Treadmill and Stress Testing
Monday - Friday: 8:30 am - 4:30 pm
Welcome to the Cardiovascular Exercise Stress Department.
Exercise stress testing is done under the direct supervision of a cardiologist to provide information about how the heart responds to physical exertion. It usually involves walking on a treadmill or pedaling a stationary bike at increasing levels of difficulty, while the electrocardiogram, heart rate, and the blood pressure are monitored. For additional information, imaging of the heart with ultrasound or a radioactive tracer can also be done before and after exercise.
Your doctor may use the stress test to:
- Determine if there is an adequate blood flow to your heart during increasing levels of activity.
- Evaluate the effectiveness of your cardiac treatment plan.
- Determine the likelihood of having coronary artery disease or determine the need for additional testing
- Please do not eat or drink large amounts before test.
- Take your regular medications unless instructed differently by your physician.
- Wear comfortable clothes and soft-soled shoes suitable for walking.
What to expect:
Ten small areas of your chest are cleaned and small sticky electrode patches are attached to these areas. Men may expect to have their chest partially shaved to improve contact. The electrodes are attached to an electrocardiograph (ECG) monitor that charts your heart’s electrical activity during the test.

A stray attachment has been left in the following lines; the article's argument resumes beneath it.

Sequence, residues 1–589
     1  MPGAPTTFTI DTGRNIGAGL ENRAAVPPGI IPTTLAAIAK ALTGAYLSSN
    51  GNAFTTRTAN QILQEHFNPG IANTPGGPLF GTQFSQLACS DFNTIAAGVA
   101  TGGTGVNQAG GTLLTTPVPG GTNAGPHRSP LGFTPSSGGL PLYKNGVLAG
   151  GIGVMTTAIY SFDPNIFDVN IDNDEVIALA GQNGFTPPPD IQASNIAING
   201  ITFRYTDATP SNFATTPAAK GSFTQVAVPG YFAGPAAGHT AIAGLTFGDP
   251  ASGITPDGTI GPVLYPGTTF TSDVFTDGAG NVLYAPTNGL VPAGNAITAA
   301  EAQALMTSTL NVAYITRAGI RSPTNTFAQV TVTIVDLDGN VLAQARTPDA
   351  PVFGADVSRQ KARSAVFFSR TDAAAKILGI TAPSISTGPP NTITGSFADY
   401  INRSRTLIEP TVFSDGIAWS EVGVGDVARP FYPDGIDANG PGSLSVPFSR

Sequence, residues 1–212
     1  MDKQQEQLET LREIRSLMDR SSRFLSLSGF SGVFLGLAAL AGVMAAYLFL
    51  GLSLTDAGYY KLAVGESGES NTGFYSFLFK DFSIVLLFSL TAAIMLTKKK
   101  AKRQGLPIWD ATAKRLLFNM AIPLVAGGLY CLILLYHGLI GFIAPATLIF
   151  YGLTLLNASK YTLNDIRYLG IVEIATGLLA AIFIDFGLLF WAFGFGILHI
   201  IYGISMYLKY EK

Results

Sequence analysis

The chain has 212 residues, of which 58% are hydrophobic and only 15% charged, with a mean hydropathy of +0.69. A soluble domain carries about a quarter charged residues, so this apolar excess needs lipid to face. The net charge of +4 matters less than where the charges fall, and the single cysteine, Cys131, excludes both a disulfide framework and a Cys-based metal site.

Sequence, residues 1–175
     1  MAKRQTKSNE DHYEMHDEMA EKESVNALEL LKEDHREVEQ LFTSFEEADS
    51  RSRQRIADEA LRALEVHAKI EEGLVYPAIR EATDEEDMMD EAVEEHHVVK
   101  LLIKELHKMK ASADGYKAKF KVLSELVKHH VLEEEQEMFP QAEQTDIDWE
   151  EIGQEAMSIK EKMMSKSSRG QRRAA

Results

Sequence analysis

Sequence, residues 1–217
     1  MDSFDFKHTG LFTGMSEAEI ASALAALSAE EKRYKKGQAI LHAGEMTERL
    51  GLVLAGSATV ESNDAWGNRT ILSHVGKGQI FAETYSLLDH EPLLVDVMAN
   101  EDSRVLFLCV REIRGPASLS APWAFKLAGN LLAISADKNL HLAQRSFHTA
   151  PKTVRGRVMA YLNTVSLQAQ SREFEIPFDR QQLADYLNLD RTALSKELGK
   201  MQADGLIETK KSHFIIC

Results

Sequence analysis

Your blood pressure and ECG recording will be taken before, during, and after exercise. You will begin to exercise by walking on a treadmill or pedaling a stationary cycle. The degree of difficulty will gradually increase. You may be asked to exercise until you are exhausted.
At regular intervals, the lab personnel will ask how you are feeling. Please tell them if you feel chest, arm or jaw discomfort, shortness of breath, dizziness, lightheadedness, or any other unusual symptoms. It is normal for your heart rate, blood pressure, breathing rate, and perspiration to increase during the test. For your safety, the Cardiologist and lab personnel will watch for symptoms or changes on the ECG monitor that suggest the test should be stopped. For patients with physical limitations, the stress portion of the test can be accomplished by giving a drug intravenously.
After the test you will continue to walk or pedal slowly for a short time to cool down. Your heart rate, blood pressure, and ECG will continue to be monitored until the levels have returned to normal. Although the appointment lasts about 60 minutes, the actual exercise time is usually between 7-20 minutes. Ask your doctor or nursing staff if you have questions about the stress test.
The Watson Clinic Stress Lab is staffed by a team of caring Technicians.
Scott Moore, Team Leader
Samantha Earnest, MA Technician
Betty Jo McLendon, MA Technician
Jesus Munoz, MA Technician
Sheryl Owens, MA Technician